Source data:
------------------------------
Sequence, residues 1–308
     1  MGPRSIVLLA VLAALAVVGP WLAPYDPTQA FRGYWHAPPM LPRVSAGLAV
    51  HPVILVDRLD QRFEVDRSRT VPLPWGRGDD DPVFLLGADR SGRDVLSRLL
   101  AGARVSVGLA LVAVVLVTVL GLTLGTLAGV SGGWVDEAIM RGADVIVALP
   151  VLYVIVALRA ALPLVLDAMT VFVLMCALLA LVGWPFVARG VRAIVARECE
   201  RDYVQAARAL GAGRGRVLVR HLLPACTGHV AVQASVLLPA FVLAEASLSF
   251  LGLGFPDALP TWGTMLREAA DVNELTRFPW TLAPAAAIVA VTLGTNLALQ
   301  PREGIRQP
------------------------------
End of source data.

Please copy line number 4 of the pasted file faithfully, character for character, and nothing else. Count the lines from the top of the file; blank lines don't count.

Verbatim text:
   101  AGARVSVGLA LVAVVLVTVL GLTLGTLAGV SGGWVDEAIM RGADVIVALP